In this 1998 photo, Ken Kambis is descending Mount Elbert, with Mount William & Mary in the background.The current application filed by Brown requests reconsideration of Kambis’ original proposal based on what she describes as persuasive new information.

The new strategy is to first point out that there would be no Colorado without the considerable influence of two William & Mary alumni. In 1803, President Thomas Jefferson sent James Monroe and Robert R. Livingston to Paris to negotiate with Napoleon Bonaparte for the purchase of New Orleans. Not only did they come away with that city, but the Purchase also wound up stretching from the Mississippi River to Canada, including most of the Rocky Mountains. The eastern half of what in 1876 would become the state of Colorado was part of this area.

“So without two of our most illustrious alumni, Colorado wouldn’t exist,” Kambis said. “In fact, the connection is so strong and unique that no other university can claim to have the same kind of relationship with Colorado, particularly with the Lake County location of this unnamed geographical feature.

“And the Louisiana Purchase actually makes up the entire area in which the unnamed geographic feature lies. In fact, it constitutes about two-thirds of the state of Colorado. So not only do we have a relationship with that state, we also have one that will endure forever.”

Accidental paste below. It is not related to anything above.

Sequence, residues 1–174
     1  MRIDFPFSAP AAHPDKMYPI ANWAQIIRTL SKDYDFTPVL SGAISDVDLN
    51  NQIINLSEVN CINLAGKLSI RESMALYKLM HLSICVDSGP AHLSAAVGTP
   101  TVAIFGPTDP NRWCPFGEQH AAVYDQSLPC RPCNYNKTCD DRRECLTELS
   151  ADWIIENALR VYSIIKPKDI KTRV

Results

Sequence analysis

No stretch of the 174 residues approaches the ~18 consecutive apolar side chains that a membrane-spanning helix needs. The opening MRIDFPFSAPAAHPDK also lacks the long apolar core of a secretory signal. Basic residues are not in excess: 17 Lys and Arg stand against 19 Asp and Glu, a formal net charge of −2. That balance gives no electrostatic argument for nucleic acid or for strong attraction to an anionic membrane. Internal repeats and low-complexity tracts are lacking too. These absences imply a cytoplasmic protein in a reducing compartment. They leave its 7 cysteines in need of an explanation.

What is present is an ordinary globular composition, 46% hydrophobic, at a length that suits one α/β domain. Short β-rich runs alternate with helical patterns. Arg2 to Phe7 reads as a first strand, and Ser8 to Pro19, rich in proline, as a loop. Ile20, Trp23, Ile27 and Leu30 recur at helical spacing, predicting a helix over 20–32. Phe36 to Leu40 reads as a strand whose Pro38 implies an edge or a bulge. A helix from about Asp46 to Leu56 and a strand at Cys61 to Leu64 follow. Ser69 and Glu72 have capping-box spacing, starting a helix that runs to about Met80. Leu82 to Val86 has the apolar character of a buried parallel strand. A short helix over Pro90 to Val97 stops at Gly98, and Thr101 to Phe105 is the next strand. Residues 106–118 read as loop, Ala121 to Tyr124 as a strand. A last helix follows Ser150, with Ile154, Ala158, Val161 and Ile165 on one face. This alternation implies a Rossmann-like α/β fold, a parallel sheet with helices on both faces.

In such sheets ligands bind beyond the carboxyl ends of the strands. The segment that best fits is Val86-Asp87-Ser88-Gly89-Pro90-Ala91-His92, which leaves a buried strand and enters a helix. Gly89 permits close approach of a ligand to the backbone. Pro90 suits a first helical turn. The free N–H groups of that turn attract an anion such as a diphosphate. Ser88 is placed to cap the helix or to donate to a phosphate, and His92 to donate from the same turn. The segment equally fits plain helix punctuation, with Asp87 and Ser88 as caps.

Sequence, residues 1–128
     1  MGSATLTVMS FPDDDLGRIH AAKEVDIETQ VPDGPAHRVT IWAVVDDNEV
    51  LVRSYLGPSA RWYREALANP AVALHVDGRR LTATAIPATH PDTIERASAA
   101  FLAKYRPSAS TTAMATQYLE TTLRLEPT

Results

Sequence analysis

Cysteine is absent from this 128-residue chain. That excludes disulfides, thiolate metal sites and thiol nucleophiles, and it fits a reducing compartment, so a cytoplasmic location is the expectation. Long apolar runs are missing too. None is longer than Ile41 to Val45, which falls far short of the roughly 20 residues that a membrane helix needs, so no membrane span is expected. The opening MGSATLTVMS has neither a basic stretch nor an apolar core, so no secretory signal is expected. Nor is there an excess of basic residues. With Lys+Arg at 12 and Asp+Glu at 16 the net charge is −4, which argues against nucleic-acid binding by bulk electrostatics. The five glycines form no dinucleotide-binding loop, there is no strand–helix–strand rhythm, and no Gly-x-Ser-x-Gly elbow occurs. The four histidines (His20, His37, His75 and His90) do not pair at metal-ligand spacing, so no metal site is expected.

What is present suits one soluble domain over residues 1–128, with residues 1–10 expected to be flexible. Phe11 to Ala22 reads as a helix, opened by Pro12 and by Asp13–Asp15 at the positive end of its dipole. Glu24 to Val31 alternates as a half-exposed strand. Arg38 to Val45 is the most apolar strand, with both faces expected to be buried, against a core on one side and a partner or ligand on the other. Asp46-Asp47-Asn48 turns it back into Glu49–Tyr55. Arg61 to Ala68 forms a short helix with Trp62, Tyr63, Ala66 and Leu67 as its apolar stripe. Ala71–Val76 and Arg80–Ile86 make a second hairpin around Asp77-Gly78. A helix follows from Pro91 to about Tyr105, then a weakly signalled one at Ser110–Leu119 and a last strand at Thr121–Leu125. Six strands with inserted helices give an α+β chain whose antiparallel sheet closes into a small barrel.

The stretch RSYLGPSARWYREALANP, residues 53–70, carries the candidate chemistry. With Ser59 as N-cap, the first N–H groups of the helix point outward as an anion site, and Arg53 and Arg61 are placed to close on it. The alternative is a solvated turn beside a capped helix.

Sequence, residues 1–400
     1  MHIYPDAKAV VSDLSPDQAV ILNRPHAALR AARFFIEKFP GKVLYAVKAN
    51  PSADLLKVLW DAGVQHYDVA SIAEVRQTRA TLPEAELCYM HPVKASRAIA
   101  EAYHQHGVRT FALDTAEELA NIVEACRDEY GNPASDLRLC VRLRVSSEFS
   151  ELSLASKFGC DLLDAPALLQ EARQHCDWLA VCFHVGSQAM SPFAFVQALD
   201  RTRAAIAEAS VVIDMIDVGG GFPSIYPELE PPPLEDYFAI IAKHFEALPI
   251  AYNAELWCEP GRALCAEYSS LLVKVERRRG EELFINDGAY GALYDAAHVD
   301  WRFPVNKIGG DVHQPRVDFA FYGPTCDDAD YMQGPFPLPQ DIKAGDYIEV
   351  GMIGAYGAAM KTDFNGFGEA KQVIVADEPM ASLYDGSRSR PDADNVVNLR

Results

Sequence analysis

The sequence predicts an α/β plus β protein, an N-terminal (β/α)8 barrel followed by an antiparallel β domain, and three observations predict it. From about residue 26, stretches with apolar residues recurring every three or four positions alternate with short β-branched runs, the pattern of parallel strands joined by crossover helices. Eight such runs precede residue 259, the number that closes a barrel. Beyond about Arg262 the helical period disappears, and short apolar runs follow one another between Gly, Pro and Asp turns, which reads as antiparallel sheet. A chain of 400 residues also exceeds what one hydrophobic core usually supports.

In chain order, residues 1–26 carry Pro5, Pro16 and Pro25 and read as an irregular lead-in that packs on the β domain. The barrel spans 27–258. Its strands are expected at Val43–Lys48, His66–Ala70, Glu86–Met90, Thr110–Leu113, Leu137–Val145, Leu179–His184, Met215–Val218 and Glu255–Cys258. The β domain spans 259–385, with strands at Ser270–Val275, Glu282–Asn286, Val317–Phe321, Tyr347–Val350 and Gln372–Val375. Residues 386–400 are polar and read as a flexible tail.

While in Colorado recently, Kambis revealed a proposal to establish a high-altitude research center in the town of Leadville. He also discussed the idea of a potential collaborative summer course that would bring W&M students together with students from Colorado Mountain College –Timberline campus to study mountain ecology and other sustainability-related projects.

Now that the application has been submitted, the U.S. Board on Geographic Names will request input from stakeholders in Colorado and elsewhere regarding the proposal.

In her letter of support to the U.S. Board on Geographic Names, Brown summarized the hopes of the College.

“Given the historic relationship of William & Mary to the State of Colorado,” she wrote, “it follows that these two entities should share an enriched future together.”